Research shows long-term impacts of successful sex education include lower rates of sexually transmitted infections and diseases (STIs/STDs) and lower pregnancy rates. Additionally, students who receive sex education are more likely to delay initiation of sex and reduce the number of sex partners; they are also less likely to have unprotected sex.
Although required by Tennessee laws, education emphasising abstinence has been shown to be ineffective. In fact, the percentage of Tennessee high school students stating they did not use a condom the last they had sex, 41 percent, is higher than the national average.
Despite these public health facts and the University of Tennessee’s mission to “move forward the frontiers of human knowledge and enrich and elevate the citizens of the state of Tennessee,” the administration continues to withhold full financial support for “Sex Week.”
As an educator with 15 years experience, including 8 specialising in sexual and reproductive health, I believe the University of Tennessee’s “Sex Week” should not only proceed, it should also be expanded to include even more comprehensive, medically-accurate seminars and additional speakers of colour to reflect Tennessee’s diverse population which is 63.4 percent White (non hispanic), 16.7 percent Latino/a, 13.1 percent Black, 5 percent Asian, and 1.2 percent American Indian / Alaska Native.
In Tennessee, there are 14,751 people living with HIV/AIDS, and there have been 406 HIV/AIDS-related deaths. African American Tennesseans comprise 54.4 percent of the estimated numbers of persons living with an AIDS diagnosis in the state. Nevertheless, the day after reneging funding for “Sex Week,” the University also withdrew support for the four-day “Saving Ourselves” health education conference focusing on the African-American LGBTQ community, health service providers, and clinicians in the tri-state area covering Tennessee, Arkansas, and Mississippi. Event organisers revealed they have been asked to remove the University of Tennessee logo from all promotional materials.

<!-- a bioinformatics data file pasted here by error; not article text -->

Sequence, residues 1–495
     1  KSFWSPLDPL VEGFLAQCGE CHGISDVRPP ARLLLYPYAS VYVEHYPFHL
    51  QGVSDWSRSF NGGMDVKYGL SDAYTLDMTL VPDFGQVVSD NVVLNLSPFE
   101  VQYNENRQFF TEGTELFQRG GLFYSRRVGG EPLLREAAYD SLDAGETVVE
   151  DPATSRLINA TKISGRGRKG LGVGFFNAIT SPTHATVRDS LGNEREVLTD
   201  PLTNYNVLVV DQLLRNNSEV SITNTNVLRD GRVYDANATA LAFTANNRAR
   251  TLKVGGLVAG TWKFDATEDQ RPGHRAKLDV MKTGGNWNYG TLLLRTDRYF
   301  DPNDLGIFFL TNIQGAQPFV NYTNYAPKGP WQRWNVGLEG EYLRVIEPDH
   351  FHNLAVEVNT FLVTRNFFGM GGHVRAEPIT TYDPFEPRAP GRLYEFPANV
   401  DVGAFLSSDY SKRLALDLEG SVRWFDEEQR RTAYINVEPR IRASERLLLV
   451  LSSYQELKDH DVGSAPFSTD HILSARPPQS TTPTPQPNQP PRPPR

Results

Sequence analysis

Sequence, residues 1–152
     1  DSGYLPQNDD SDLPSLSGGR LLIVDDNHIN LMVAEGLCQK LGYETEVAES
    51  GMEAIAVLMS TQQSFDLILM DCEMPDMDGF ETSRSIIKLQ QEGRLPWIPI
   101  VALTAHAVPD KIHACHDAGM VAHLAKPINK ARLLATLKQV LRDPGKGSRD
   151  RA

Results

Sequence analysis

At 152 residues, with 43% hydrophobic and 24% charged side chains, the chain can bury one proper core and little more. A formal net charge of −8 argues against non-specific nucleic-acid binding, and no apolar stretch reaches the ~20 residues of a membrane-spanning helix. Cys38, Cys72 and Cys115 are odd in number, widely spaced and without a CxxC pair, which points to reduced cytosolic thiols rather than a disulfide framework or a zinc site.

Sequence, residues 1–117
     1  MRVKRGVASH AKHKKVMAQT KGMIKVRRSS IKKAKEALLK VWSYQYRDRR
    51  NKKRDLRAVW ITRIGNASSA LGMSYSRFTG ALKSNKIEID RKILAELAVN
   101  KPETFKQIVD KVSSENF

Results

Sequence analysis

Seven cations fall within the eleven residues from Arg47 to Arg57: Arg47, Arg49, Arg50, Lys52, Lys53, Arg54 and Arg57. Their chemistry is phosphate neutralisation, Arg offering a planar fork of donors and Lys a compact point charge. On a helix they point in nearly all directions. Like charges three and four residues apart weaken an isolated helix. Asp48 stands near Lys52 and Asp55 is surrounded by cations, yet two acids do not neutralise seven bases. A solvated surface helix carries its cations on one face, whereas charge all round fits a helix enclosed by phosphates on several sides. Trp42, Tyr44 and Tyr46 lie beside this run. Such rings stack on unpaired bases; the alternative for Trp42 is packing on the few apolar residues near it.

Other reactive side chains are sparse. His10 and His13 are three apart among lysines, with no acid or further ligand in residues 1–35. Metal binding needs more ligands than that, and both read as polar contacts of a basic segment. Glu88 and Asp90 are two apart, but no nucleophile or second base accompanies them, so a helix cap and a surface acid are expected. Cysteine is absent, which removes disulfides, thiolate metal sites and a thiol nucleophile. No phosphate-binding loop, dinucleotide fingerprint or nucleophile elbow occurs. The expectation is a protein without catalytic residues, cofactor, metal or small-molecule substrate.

Stories about successful underdogs are as old as time, with Goliath appearing in the Bible, Qur'an, and Babylonian Talmud. For the sake of University of Tennessee students and the Knoxville community’s public health, let’s hope “Sex Week” student organisers are youthful Davids who will eventually defeat opposition from chancellor Jimmy G. Cheek, university president Joe DiPietro and others in Tennessee.
Twanna A. Hines, M.S., is an award-winning educator and commentator focused on the sociology of sexuality and its relationship to culture and Internet technology. Founder of FUNKY BROWN CHICK®, she has contributed to CNN, NPR, Sirius, Time Out New York, Lifetime, Mashable, New York Press, Fast Company magazine, and the Huffington Post as well as CBC (Canadian National Radio) and Paris Première (French Television). She currently lives in New York and Chicago.
The views expressed in this article are the author's own and do not necessarily reflect Al Jazeera's editorialpolicy.